The structure of a corner plate 10 is clearly illustrated in FIG. 2 wherein the corner plate elements are illustrated with the latching element 11 in an exploded relationship. The elements of the corner plate 10 are also illustrated in FIG. 2 in a detached condition with respect to one another, while in FIG. 1, they are illustrated in their assembled condition with the latching element 11 coupled to the corner plates 10. The individual, triangular corner plates comprising the assembly 10 are illustrated and identified in FIG. 2 as the plates 12 and 13. The corner plate 13 best illustrates the three slugs 13S arranged adjacent the corners of the triangular plate 13. The slugs 13S are produced by punching the plate on the opposite side from the side illustrating the slugs 13S but maintaining the slugs in their protruded condition after the plate 13 is punched. Similar slugs 12S are constructed and defined for the plate 12 and are identified as the slugs 12S illustrated in dotted outline. The slugs 12S and 13S are utilized in accordance with the present invention to define posts P for spacing the assembled plates 12 and 13 apart. The slugs 12S and 13S preferably protrude from the inner face of the respective plates 12 and 13 a distance on the order of 0.014 inches to correspond to the thickness of a conventional lamination utilized in manufacturing a table pad; i.e., 0.028 inches. The plates 12 and 13 are assembled by mounting the plate 12 over the plate 13 with the slugs 12S and 13S in engagement and then the slugs 12S and 13S are spot welded together to form the posts P and the unitary assembly comprising the corner plate 10. The edges of the corner plate 12, identified as the edges 12A and 12B, are curled up or turned upwardly from the horizontal plane of the plate 12, as illustrated in FIG. 2. Similarly, the edges 13A and 13B for the the corner plate 13, are curled or turned downwardly from the horizontal plane of the plate 13. Accordingly, when the plates 12 and 13 are assembled with the aforementioned edges adjacent one another, the edges coact to provide a larger opening for more readily accepting a latching element placed therebetween. Similarly, the edges identified as the edges 12C and 13C for the plates 12 and 13 respectively, are provided with a means for connecting the assembled corner plate 10 to the table pads proper. Each of the edges 12C and 13C are defined with a pair of sharp barbs that protrude transverse to the horizontal plane of the plates 12 and 13. As illustrated in FIG. 2, the barbs 12P protrude upwardly from the face of the plate 12. The corresponding barbs 13P arranged along the edge 13C for the plate 13 protrude downwardly from the horizontal plane of the plate 13 as illustrated in FIG. 2. It should be noted that only one configuration for the plates 12 and 13 need be fabricated in accordance with the present invention, and the plates oriented in opposite senses for the welding step; see FIG. 2.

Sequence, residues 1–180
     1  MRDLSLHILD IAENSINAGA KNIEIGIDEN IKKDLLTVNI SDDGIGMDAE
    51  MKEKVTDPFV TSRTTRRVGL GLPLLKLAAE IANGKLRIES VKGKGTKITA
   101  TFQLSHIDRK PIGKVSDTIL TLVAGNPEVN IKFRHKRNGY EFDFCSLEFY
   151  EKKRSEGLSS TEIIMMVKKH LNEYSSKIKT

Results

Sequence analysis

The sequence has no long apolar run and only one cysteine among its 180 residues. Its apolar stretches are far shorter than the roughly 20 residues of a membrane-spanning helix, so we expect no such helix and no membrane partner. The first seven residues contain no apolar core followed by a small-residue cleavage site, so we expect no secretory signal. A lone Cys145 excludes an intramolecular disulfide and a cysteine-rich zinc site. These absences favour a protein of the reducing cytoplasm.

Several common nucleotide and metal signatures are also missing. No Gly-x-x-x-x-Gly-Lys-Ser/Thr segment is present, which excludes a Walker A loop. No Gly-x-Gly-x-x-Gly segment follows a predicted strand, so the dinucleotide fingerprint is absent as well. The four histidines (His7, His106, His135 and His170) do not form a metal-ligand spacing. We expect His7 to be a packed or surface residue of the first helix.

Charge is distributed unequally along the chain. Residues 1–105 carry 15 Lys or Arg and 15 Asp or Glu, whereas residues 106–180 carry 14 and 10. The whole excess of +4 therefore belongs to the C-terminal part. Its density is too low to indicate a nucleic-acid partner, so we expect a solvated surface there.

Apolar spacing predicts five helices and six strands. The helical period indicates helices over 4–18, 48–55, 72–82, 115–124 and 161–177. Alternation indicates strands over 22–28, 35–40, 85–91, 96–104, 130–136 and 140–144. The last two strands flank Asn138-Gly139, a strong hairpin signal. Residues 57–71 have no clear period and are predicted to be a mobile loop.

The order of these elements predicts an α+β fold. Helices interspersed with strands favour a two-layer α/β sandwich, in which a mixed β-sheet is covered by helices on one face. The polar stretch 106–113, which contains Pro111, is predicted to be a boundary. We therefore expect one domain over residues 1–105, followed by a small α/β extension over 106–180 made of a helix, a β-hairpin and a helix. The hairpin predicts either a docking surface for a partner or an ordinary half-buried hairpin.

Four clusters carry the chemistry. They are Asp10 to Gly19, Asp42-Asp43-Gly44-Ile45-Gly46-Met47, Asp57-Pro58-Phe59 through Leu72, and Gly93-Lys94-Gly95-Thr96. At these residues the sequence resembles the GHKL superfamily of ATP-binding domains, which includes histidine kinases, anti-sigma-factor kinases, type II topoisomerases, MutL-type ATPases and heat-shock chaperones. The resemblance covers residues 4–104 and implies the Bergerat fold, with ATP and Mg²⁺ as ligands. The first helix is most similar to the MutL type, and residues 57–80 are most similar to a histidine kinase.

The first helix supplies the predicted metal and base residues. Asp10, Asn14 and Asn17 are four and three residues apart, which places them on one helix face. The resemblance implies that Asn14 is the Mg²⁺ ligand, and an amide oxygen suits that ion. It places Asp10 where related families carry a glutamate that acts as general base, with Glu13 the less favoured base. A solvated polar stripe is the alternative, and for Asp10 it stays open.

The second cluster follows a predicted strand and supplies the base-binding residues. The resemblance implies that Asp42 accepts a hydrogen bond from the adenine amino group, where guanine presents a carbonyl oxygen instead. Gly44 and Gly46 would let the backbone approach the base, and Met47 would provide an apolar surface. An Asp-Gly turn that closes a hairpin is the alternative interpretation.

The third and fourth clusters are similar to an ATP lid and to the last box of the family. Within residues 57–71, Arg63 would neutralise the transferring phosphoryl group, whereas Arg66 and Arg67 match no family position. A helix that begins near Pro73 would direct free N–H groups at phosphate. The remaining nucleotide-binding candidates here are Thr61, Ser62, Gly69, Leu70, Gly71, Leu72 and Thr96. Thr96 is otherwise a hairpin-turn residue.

The assembled corner plate 10 that is constructed as described hereinabove, preferably has a thickness that corresponds to the aforementioned thickness of one of the laminations conventionally used in present day table pads exclusive of the aforementioned turned or curled edges and the pad securing barbs. The standard laminations for the purpose of the present invention are diagonally cut at an internal corner and the corner plate 10 is inserted in the area normally occupied by the severed portion of laminations L as can be best appreciated by examining FIG. 3. Accordingly, this requires merely the severing of the laminations L at each internal corner during manufacture of the pad and locating the assembled corner plates 10 at the severed corners of the laminations L to convert a non-latching table pad to a latching table pad. When assembled into the table pad proper, as illustrated in FIG. 3, the edges 12A, 12B, 13A and 13B of the plates 12 and 13 respectively, are arranged along the internal corners of the table pad to allow access to the mounting posts P which are arranged between the aforementioned edges. The barbs 12P and 13P are on the inside edges 12C and 13C of the plates 12 and 13 and protrude into the adjacent laminations of the table pad to secure the corner plate 10 to the table pad proper. In this arrangement, the mounting post P arranged adjacent the internal corner functions for coupling the latching element 11 to the Post P at either the female or male end thereof as will become evident immediately hereinafter. It should be recognized at this point that a non-latching table pad can be adapted for a latching operation without the provision of a latch 11 by merely constructing it in conventional fashion and adding the corner plates 10 so that it can be fully converted to a latching pad at a later date by the provision of a latch element 11.